To some advisors, gold may be considered an alternative asset because of its non-correlation with traditional investments and gold’s potential for substantial returns. To all advisors and clients, though, gold should be considered an alternative asset when it comes to taxation, as some types of gold transactions get unusual tax treatment.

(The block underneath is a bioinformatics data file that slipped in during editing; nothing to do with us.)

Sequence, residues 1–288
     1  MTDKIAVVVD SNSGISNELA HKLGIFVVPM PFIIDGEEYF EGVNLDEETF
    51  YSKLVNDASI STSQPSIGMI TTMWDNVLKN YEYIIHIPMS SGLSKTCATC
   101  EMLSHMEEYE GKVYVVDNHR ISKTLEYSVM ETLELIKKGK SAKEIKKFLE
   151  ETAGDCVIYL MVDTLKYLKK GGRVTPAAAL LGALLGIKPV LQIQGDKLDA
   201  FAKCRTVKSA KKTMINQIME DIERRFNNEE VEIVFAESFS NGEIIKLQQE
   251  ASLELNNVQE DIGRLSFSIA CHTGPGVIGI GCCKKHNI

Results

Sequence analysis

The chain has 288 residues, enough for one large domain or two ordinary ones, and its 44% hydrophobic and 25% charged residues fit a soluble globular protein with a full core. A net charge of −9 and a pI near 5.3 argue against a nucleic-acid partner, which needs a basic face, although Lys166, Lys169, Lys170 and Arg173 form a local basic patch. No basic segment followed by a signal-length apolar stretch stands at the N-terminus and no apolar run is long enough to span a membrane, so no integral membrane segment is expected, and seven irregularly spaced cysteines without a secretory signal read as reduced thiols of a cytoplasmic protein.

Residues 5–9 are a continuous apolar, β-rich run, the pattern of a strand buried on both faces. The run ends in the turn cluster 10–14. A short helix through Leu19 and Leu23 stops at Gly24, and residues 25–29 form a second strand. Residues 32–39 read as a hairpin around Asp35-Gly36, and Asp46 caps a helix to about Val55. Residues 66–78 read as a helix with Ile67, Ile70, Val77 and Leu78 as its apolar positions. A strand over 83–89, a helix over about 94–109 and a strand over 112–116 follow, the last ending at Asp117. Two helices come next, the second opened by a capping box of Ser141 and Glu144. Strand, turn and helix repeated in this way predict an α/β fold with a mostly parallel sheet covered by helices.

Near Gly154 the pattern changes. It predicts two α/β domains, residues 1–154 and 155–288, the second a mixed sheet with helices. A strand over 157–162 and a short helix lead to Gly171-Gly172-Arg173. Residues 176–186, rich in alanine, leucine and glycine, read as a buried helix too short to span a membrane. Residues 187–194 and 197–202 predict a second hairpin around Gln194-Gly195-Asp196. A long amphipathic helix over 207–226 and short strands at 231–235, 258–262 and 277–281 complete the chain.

“Short-term gains on gold investments are taxed as any other short-term capital gains, subject to ordinary tax rates,” says Tom Scanlon, president of Borgida & Company, an accounting and consulting firm in Manchester, Conn. Depending on the investor’s overall income, that tax rate ranges from 10% to 39.6%. As Scanlon notes, the 3.8% Medicare surtax also may apply to such gains if they’re reported by high-income taxpayers.

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